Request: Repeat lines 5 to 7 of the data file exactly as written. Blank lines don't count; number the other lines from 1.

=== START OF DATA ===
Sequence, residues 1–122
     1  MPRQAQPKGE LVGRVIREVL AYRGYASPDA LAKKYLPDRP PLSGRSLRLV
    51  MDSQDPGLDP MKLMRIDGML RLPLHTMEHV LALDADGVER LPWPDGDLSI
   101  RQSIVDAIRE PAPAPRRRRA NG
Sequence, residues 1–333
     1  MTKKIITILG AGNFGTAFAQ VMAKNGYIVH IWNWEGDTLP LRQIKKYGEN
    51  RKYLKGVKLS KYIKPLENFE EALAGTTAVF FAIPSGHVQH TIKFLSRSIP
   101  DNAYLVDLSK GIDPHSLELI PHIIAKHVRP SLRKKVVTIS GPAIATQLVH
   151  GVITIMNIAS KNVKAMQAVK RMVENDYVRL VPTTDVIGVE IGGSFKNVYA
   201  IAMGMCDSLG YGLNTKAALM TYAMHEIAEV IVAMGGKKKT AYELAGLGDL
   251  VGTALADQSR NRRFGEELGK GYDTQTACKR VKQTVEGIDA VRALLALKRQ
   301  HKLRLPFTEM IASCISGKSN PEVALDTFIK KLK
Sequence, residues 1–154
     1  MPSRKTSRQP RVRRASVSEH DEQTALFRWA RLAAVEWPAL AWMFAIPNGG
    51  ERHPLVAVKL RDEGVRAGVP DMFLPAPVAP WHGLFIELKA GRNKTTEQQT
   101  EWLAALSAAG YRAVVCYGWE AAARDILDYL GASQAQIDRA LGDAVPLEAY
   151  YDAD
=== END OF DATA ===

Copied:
Sequence, residues 1–333
     1  MTKKIITILG AGNFGTAFAQ VMAKNGYIVH IWNWEGDTLP LRQIKKYGEN
    51  RKYLKGVKLS KYIKPLENFE EALAGTTAVF FAIPSGHVQH TIKFLSRSIP